Paint A Dining Room in A Day + 5 Tips

Paint is by far the most affordable, and in my opinion, the best way to completely transform a room in less than a day. If you’re a beginner painter, follow these 5 tips to paint a dining room in a day for a quick transformation!

Paint A Dining Room In A day to see a complete transformation. This dining room was painted top half cyberspace by sherwin williams, which is a dark blue/grey color. The bottom half, below the chair rail trim, is painted white dove by behr. Gorgeous antique mirror and white curtains flow to the ground.

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How Do You Paint A Room in A Day?

In order to paint a room (size dependent) in a single day, there are some things to consider like paint brand, type, and finish.

Another important factor will be proper preparation steps being taken to ensure the most efficient process. Then there is the matter of essential tools being gathered into a central location for ease of use.

When I paint a dining room in a day I start with my trim and edging. I do two full coats, then let them both dry before taping off the trim using delicate surface tape.

The next step is, cutting in for the wall coverage of the white walls, White Dove by Benjamin Moore.

When this was finished I cut in for the wall coverage of the dark color. For this part, I chose Cyberspace by Sherwin Williams. Overall two coats of paint in an eggshell finish were sufficient for full coverage. I use a paint + primer in one by Behr.

Before You Begin Painting: How to Pick the Right Color And Finish

Believe it or not, there are things to consider before you ever put your brush in paint. Important decisions like paint color, brand, and even the sheen you choose.

There have been rooms painted in my home that were ultimately a learning experience for me with the wrong paint colors. We may even call them gross negligence. I didn’t know what my real style was at that point, so I’ll claim ignorance.

When in doubt I always go white now. Color is easy to add with decor and accents later on. If you’re unsure, go with something neutral that won’t be a huge regret in a year.

Both windows in my dining room with farmhouse-style trim. A vintage wooden mirror hangs between them over the chair rail trim. The top of the walls painted a dark color cyberspace by sherwin williams and the bottom half painted a white, white dove by benjamin moore.
Because my walls were already painted White Dove by Benjamin Moore I only had to do one full coat of Cyberspace by Sherwin Williams (the dark color) on the walls. There were very few places where I had to do additional touch-ups.

Bright reds and yellows tend to do a poorer job of hiding colors – in all types and qualities of paint. These organic pigments are naturally transparent, and the deeper bases that are used to make these colors just tend to have poor opacity. As a result, these colors tend to deliver uneven coverage. Consider using a high hiding white primer under these bright clean colors for best results.

Contrasting Colors: Dark to Light, Light to Dark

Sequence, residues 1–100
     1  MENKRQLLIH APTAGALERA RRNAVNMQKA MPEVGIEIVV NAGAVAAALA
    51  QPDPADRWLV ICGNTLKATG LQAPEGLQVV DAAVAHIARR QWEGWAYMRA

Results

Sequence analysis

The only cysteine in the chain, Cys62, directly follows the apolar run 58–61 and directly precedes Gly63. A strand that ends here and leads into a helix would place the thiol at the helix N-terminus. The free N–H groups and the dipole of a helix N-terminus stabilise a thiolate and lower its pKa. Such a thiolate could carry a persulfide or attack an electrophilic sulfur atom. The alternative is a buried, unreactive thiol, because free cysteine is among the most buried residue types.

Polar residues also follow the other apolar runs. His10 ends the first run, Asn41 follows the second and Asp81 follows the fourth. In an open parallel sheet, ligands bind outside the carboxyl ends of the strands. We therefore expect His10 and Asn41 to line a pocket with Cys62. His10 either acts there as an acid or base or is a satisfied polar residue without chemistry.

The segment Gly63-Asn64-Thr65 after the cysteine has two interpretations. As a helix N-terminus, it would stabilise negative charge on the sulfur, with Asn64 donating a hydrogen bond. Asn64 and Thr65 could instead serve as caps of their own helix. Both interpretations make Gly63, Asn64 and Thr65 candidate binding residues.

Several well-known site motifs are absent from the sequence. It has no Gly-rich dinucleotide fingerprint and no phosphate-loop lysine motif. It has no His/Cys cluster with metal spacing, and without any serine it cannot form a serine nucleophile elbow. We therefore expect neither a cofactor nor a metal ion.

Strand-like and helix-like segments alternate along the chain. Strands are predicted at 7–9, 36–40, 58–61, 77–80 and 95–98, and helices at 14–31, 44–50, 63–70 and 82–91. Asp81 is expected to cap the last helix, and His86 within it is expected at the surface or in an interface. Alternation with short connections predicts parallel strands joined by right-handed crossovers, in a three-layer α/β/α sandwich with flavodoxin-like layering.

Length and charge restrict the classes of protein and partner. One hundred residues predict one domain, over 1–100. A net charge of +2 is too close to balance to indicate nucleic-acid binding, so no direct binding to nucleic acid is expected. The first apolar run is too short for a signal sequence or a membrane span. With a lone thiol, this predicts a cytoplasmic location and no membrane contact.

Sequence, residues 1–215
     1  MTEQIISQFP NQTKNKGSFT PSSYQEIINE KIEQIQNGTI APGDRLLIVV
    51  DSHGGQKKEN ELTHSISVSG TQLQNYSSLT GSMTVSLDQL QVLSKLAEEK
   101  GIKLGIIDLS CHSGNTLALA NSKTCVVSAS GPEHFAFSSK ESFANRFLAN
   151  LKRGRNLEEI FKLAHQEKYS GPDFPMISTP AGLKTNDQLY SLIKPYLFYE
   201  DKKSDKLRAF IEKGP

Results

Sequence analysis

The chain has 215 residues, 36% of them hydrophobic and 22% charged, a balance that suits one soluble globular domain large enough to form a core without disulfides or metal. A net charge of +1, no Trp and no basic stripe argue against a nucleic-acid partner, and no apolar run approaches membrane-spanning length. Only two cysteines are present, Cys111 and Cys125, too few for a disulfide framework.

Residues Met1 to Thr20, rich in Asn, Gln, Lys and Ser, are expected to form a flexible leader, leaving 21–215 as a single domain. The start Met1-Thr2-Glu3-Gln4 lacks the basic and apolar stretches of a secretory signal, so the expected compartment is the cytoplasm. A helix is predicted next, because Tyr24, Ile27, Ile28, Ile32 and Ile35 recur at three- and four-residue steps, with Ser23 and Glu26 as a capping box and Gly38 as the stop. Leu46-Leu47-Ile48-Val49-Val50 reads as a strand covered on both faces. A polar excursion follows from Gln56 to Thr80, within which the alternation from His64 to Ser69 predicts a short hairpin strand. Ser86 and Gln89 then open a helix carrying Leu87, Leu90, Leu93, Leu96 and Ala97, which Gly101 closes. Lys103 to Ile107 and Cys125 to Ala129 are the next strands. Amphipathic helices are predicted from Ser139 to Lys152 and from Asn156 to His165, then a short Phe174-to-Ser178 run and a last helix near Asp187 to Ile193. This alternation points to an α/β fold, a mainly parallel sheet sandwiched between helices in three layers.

If you’re going from white walls and go to a dark wall color you will likely be safe. However, if you’re trying to go from a dark color to a light color you may need 3 to 4 coats instead of the typical first coat and second coat. If you’re going to make dramatic color changes keep this in mind. Or use a good coat of primer before your color.

Bonus Tip: Get several paint samples in different colors you’re considering and try them out on different walls in the room you’re considering painting. Look at them in different lights throughout the day and see how well they cover. It will help you decide. 

How You Apply Paint Matters

There are Three Things To Consider for Interior Painting: 

  • 01 Quality of Your Tools – A higher quality roller pad will do a better job of applying a uniform coat than cheap roller pads. Therefore, they achieve better coverage. 
  • 02 Apply Evenly for Best Coverage – Be careful you’re not pushing down on your roller which could cause you to overspread the paint.
  • 03 The Surface Porosity and the Specific Product Being Used – Many latex paints cover around 400 square feet per gallon. However, on raw wood which is very porous, it likely won’t go as far. One paint-covered roller will approximately cover about 9 square feet. 4 Passes (9″ roller x 4 = 36″) or 3 feet by 3 feet space before needing to be refilled.

The Quality of Paint You Choose

I always use Behr Paint + Primer, but I’ve also had great success with Sherwin Williams. The best quality of paint in light colors will do a better job hiding other colors than a cheaper quality paint.

The basic equation is Low Quality/Cheap = More Coats, Time, Effort, and overall more paint purchased or used. Whereas if you invest a little bit more money in a good quality product you will get more coverage, which means less time, effort, and paint used.

Beautiful Farmhouse-style trim painted in two coats of white dove by benjamin moore. I added an old dresser embellishment above the door for character. My shelves are full of copper and pfaltzgraff dishes.